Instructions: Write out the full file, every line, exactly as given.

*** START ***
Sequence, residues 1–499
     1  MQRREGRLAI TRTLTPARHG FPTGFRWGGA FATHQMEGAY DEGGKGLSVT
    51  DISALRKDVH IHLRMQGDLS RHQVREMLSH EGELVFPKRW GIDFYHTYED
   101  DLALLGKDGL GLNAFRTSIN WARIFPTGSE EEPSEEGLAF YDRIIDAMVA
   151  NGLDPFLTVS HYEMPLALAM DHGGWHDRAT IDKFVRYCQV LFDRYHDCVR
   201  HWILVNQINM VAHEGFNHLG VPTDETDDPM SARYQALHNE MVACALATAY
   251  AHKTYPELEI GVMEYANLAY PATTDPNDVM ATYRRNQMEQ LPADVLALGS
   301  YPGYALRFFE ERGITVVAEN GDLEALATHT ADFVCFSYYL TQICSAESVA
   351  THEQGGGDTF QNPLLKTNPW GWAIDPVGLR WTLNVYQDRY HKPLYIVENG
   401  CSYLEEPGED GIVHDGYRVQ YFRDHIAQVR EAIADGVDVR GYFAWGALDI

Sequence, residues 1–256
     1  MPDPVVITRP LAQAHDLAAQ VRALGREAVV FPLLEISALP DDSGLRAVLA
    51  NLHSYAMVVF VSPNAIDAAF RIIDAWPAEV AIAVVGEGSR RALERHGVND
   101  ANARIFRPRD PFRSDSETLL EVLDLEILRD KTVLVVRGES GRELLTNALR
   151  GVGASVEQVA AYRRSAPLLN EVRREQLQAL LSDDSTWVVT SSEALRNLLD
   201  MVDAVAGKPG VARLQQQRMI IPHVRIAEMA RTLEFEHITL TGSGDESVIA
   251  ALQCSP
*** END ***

Sequence, residues 1–499
     1  MQRREGRLAI TRTLTPARHG FPTGFRWGGA FATHQMEGAY DEGGKGLSVT
    51  DISALRKDVH IHLRMQGDLS RHQVREMLSH EGELVFPKRW GIDFYHTYED
   101  DLALLGKDGL GLNAFRTSIN WARIFPTGSE EEPSEEGLAF YDRIIDAMVA
   151  NGLDPFLTVS HYEMPLALAM DHGGWHDRAT IDKFVRYCQV LFDRYHDCVR
   201  HWILVNQINM VAHEGFNHLG VPTDETDDPM SARYQALHNE MVACALATAY
   251  AHKTYPELEI GVMEYANLAY PATTDPNDVM ATYRRNQMEQ LPADVLALGS
   301  YPGYALRFFE ERGITVVAEN GDLEALATHT ADFVCFSYYL TQICSAESVA
   351  THEQGGGDTF QNPLLKTNPW GWAIDPVGLR WTLNVYQDRY HKPLYIVENG
   401  CSYLEEPGED GIVHDGYRVQ YFRDHIAQVR EAIADGVDVR GYFAWGALDI

Sequence, residues 1–256
     1  MPDPVVITRP LAQAHDLAAQ VRALGREAVV FPLLEISALP DDSGLRAVLA
    51  NLHSYAMVVF VSPNAIDAAF RIIDAWPAEV AIAVVGEGSR RALERHGVND
   101  ANARIFRPRD PFRSDSETLL EVLDLEILRD KTVLVVRGES GRELLTNALR
   151  GVGASVEQVA AYRRSAPLLN EVRREQLQAL LSDDSTWVVT SSEALRNLLD
   201  MVDAVAGKPG VARLQQQRMI IPHVRIAEMA RTLEFEHITL TGSGDESVIA
   251  ALQCSP